Iraqi insurgent groups

Iraqi newspaper identifies insurgent groups – (UPI):

“There are three main Sunni groups, and five separate factions within them; two Baathist groups; and two Shiite insurgent organizations, according to a recent issue of the Baghdad al-Zawra in Arabic — a weekly published by the Iraqi Journalists Association and translated into English by the CIA.

The groups are comprised of individual cells that are only loosely affiliated, a supposition endorsed by military intelligence officials in interviews with United Press International.

“The majority of these groups do not know their leadership, the sources of their financing, or who provides them with weapons,” the Sunday’s report stated.”

Yoga not halal

This is the kind of stupid thing that gives Muslims a bad name:

A religious edict saps the energy out of yoga enthusiasts in Egypt, where clerics say the 5,000-year-old practice violates Islamic law.

Answering a religious question put forward, Egypt’s highest theological authority called yoga an “ascetic Hindu practice that should not be used in any manner of exercise or worship.”

The undated but recent edict was signed by the mufti, Ali Gomoa.

The edict, published in the pan-Arab daily newspaper Al-Hayat and obtained Sunday by the Associated Press, called the practice of yoga “an aberration” and said mimicking it is “forbidden religiously.”

There is a serious problems with the use — and perhaps the tradition itself — of fatwas, especially when they are given out by a government appointed sheikh. There is not meant to be in Islam, as far as I can tell, an “official fatwa-maker.” This is why Ali Gomaa has occasionally clashed with Al Azhar University, which has a council of scholars that often give out fatwas. But in principle, fatwas can be made by any person, and are usually personal advice given to individuals, not a reflection of government policy (and indeed Egypt has not banned yoga). The problem is that when an idiot or extremist decides that yoga is haram, or that a certain writer has insulted Islam, or that it’s OK to kidnap Americans working in Iraq, it often looks like he’s speaking to all Muslims. Particularly if someone powerful — the state, a fundamentalist group, a university — had decided that this person is entitled to make fatwas.

Major Powers Wring Hands Discreetly on Middle East

You gotta love that headline. What a sad state of affairs.

Major Powers Wring Hands Discreetly on Middle East: “Reuters – The world’s major powers wrung
their hands discreetly on Wednesday at the lack of progress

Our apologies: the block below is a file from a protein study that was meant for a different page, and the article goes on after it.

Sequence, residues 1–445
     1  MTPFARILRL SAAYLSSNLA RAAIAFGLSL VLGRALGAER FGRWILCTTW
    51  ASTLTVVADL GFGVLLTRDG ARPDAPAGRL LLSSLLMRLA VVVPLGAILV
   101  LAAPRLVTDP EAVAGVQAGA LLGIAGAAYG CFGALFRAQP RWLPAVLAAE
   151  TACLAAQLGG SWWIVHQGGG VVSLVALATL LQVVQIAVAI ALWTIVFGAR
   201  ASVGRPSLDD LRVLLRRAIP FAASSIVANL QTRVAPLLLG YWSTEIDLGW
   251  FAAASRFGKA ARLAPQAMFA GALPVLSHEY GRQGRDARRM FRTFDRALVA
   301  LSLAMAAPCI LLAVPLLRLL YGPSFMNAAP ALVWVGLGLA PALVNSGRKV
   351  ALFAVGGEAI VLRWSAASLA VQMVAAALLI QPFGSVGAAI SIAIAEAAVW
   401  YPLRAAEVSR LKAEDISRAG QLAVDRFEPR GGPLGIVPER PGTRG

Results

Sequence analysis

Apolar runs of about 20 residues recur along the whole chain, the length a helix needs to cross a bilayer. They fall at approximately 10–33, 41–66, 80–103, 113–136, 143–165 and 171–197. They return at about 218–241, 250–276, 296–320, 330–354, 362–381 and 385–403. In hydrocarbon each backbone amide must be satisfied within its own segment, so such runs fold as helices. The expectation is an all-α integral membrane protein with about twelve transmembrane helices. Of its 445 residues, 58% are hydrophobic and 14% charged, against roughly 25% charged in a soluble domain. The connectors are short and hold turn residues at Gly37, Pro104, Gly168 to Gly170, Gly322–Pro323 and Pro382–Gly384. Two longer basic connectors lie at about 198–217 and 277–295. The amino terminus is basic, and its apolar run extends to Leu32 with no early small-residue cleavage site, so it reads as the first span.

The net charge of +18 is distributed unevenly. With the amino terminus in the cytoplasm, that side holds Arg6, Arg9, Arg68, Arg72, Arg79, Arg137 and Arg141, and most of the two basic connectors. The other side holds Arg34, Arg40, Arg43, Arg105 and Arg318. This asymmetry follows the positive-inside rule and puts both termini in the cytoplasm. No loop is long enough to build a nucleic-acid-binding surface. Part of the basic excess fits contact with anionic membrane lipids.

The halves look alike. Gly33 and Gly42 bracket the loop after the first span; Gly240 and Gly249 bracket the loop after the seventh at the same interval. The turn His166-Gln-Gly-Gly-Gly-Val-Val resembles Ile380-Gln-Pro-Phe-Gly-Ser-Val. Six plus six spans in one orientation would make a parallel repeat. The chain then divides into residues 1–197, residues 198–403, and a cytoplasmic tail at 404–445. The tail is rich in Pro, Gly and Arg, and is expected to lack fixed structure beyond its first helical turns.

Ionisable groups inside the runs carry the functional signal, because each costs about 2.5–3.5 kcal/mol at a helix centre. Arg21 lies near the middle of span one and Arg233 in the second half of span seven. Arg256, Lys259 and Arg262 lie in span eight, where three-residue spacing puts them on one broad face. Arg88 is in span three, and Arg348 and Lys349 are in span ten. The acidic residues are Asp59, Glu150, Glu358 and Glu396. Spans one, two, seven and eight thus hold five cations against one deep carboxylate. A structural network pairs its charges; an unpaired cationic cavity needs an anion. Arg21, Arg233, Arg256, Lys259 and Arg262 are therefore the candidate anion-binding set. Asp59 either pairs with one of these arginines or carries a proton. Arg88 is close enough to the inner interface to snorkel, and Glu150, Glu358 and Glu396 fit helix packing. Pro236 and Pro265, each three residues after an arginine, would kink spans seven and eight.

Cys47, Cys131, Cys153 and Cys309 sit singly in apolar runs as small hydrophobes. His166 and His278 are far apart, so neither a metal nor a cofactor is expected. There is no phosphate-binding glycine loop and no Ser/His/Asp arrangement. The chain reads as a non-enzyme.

toward peace in the Middle East, chiding Israel and the
Palestinians in equal measure but offering no new ideas.”

Novak: Bush will get out of Iraq quickly

Bob Novak, the conservative columnist who outed Ambassador Joseph Wilson’s wife Valerie Plame as a CIA agent, says he believes the Bush administration, if re-elected, will leave Iraq as quick as it can:

“Well-placed sources in the administration are confident Bush’s decision will be to get out. They believe that is the recommendation of his national security team and would be the recommendation of second-term officials. An informed guess might have Condoleezza Rice as secretary of state, Paul Wolfowitz as defense secretary and Stephen Hadley as national security adviser. According to my sources, all would opt for a withdrawal.

Getting out now would not end expensive U.S. reconstruction of Iraq, and certainly would not stop the fighting. Without U.S. troops, the civil war cited as the worst-case outcome by the recently leaked National Intelligence Estimate would be a reality. It would then take a resolute president to stand aside while Iraqis battle it out.

The end product would be an imperfect Iraq, probably dominated by Shia Muslims seeking revenge over long oppression by the Sunni-controlled Baathist Party. The Kurds would remain in their current semi-autonomous state. Iraq would not be divided, reassuring neighboring countries — especially Turkey — that are apprehensive about ethnically divided nations.

This messy new Iraq is viewed by Bush officials as vastly preferable to Saddam’s police state, threatening its neighbors and the West. In private, some officials believe the mistake was not in toppling Saddam but in staying there for nation building after the dictator was deposed.”

Perhaps not particularly credible — although I don’t quite see how it helps the Bush administration except by signaling hesitant voters that Bush might end US involvement in Iraq — but intriguing. If Novak wrote about it, then someone must have leaked it to him and it was probably on purpose considering how leak-proof this White House has been. If true, I doubt there will ever be a “humanitarian” preemptive war again.